- An R-Value is a measurement of how effective a conventional insulation product is at reducing the transfer of heat, and
- The higher the R-Value, the better when comparing products.
However, exactly what an R-Value measures alludes many people and therefore, causes confusion when discussing radiant barriers and how they reduce heat transfer.
Heat ALWAYS moves from a warm area to a cooler area and it does so using three different transfer methods:
- conductive heat transfer – the transfer of heat through a substance or to another touching substance.
- convective heat transfer – the transfer of heat through a fluid or gas such as heated air rising from a boiling pot of water.
- radiant heat transfer – the transfer of heat across an air space (or vacuum).
An R-Value is the measurement of a material’s ability to impede the transfer of heat and is based on product thickness and elapsed time for the heat to transfer from one side through to the other. Radiant barriers reflect radiant heat and therefore, R-Value tests are not applicable to radiant barriers per the FTC. Radiant barriers undergo reflectivity and emissivity testing instead.
History of R-Values
Prior to 1945, an insulation materials resistance to heat flow was determined by calculating what is called the U-Factor. The smaller the U-Factor, the more effective the insulation was at resisting the transfer of heat. In 1945, the director of Penn State’s Building Research Institute, Everett Shuman, proposed the R-Value, the inverse of the U-Value, as a way to better communicate an insulation’s effectiveness at resisting heat flow. R-Values, being the inverse of U-Factor, results in a higher R-Value for products with a greater resistance to heat flows. Consumers better understand the concept that higher R-Values mean better resistance.
In the mid 1970′s, as oil and gas prices were skyrocketing during what we now call the Energy Crisis of the 70′s, there was a huge spike in the demand for residential insulation products to help control the rising utility bills. As a result of this increased demand in insulation, many new manufacturers entered the marketplace in hopes of capitalizing on this booming economic trend.
With the increased number of competing insulation products and manufacturers making inflated and even fraudulent claims on the effectiveness of their insulation products, consumers were having a difficult time determining which products would be the most effective for their needs. Therefore, in 1979, the Federal Trade Commission(FTC) intervened creating a “rule” by which manufacturers, resellers, home builders and installers must follow when reporting the performance of their insulation products. This ruling was passed in 1980 and became known as the “R-Value Rule.” It also mandates the specific American Society of Testing Materials (ASTM) testing methods that must be followed to evaluate product R-Values.
Per the FTC ruling, “all types of insulation except aluminum foil” must be evaluated under specific ASTM testing methods to determine R-Values. Aluminum foil products (radiant barrier) are to be evaluated under reflectivity/emissivity ASTM testing. R-Values don’t exist for radiant barriers and therefore, are not subjected to the testing. They have reflectivity and emissivity values.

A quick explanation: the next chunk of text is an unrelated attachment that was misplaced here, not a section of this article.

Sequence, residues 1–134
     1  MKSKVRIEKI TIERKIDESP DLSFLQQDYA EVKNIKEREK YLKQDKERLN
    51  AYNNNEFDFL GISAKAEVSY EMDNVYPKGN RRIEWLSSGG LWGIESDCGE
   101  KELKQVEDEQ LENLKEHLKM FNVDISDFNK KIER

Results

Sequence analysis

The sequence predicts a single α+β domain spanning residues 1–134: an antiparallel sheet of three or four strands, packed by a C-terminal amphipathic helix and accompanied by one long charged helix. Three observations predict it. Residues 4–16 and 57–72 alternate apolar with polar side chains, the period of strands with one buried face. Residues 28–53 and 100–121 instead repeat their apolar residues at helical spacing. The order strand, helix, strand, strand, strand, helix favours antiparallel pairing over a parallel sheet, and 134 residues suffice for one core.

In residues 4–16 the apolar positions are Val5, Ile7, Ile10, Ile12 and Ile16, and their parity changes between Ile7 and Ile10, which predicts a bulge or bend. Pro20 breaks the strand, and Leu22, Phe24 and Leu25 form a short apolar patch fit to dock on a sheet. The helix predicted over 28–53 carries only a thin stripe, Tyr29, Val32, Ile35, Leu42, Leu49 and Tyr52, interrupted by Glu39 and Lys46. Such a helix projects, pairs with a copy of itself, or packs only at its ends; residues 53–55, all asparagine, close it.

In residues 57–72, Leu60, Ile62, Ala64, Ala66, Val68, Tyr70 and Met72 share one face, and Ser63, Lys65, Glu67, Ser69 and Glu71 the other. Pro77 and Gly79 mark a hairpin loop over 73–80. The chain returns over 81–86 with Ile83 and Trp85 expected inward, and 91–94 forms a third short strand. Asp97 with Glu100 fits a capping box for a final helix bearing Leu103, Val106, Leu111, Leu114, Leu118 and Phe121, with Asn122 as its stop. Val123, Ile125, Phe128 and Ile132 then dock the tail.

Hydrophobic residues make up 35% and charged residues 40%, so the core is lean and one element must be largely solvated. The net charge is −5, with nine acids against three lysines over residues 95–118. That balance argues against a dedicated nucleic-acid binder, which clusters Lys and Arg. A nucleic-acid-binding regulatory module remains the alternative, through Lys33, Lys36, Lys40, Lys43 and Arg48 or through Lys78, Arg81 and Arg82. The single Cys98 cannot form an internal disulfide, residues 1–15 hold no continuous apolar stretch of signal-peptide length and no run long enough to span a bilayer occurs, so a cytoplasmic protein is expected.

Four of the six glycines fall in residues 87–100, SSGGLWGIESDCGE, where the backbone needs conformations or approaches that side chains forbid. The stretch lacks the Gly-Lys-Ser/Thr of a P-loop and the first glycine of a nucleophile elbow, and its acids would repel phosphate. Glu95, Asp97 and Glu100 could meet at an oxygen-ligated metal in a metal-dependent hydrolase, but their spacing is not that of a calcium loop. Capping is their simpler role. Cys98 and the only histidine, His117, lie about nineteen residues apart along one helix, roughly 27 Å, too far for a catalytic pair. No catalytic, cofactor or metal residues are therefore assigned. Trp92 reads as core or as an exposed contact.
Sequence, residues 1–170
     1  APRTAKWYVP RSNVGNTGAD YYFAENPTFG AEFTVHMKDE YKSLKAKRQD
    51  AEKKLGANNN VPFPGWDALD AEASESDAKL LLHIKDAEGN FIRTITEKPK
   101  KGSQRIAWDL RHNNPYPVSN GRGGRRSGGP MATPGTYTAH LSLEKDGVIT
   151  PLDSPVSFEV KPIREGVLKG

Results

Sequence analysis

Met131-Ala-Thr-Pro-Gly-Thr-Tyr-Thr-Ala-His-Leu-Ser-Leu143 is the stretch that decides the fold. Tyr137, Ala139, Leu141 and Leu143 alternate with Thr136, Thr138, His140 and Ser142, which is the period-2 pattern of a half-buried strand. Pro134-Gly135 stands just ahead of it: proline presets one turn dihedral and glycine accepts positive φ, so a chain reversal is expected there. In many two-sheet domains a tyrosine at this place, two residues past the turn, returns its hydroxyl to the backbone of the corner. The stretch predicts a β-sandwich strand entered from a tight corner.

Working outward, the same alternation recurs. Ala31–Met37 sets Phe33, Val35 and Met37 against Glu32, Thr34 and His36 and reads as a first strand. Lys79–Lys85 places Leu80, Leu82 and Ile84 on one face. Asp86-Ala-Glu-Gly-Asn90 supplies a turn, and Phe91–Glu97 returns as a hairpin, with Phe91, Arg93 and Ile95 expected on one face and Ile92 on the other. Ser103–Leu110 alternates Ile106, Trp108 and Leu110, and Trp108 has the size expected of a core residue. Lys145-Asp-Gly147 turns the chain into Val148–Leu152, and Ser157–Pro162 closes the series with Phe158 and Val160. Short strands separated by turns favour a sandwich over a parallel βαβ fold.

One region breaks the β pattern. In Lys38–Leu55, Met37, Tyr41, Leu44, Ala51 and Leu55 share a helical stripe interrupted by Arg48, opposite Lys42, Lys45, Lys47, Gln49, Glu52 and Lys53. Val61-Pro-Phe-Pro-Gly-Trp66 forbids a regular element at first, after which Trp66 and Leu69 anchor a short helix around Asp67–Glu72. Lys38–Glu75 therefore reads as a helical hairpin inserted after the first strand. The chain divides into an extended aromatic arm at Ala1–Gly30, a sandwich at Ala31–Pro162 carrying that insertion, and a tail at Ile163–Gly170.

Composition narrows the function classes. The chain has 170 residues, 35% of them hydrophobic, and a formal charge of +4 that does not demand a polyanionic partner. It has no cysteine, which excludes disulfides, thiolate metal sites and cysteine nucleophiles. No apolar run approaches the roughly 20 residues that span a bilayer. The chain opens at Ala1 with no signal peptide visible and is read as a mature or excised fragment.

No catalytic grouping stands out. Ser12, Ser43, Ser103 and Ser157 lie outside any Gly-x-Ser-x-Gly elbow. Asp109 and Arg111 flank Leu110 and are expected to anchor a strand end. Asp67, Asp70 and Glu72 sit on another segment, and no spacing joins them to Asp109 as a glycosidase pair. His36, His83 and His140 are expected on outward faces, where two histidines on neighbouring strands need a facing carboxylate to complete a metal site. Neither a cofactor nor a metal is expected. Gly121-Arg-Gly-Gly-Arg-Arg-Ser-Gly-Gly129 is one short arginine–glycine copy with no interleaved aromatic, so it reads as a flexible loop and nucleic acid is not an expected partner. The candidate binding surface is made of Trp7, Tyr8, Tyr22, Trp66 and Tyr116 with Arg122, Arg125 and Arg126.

How R-Values Are Measured?
An R-Value is the measurement of how long it takes heat to transfer through a material from one side to the other. R-Values are evaluated for insulation materials in a controlled environment under the following conditions:
- 75 degrees F
- 50% relative humidity
The higher the R-Value, the better the insulation product is at slowing down the transfer of heat. However, it’s important to keep in mind that the insulation doesn’t STOP the transfer of heat – it only slows it down. The heat absorbed will eventually transfer through to the other side and into living spaces. And, as the temperature or humidity level increases, the R-Value of a product decreases, meaning it’s less effective at slowing down the transfer of heat. The performance of radiant barriers are not affected by temperature or humidity; they will always reflect the same amount of radiant heat regardless of temperature or humidity level.
While the standardization of an R-Value Rule by the FTC is considered a very important consumer protection regulation ever enacted by government, it is evaluated in a controlled laboratory and only for products that absorb/slow down the transfer of heat. Therefore, it isn’t the end-all to determining which product is the best for your application or how well it will perform in your specific home or building.
Radiant Barriers INCREASE the R-Value of Existing Insulation
Radiant barriers REFLECT radiant heat transfer, something that conventional insulation products don’t effectively deal with, and since studies have shown that a majority of heat gain/loss in a living space is due to radiant heat transfer (up to 93% in the summer and 75% in the winter), the addition of a radiant barrier to you home is a very wise decision; R-Value or not.
However, while radiant barriers have no R-Value themselves, they DO actually increase the overall R-Value of other products when used in conjunction with them. Studies performed by the Tennessee Valley Authority found that a radiant barrier used with an R-11 insulation is the equivalent of having an R-19 insulation alone and that when used with an R-19 insulation, the radiant barrier improves the R-Value of the insulation to an R-30. Finding similar results, the Florida Solar Energy Center found that adding a radiant barrier to an R-19 insulation actually produced a lower annual energy consumption than an R-30 alone.
© 2010 Radiant Barrier Journal | RadiantGUARD.com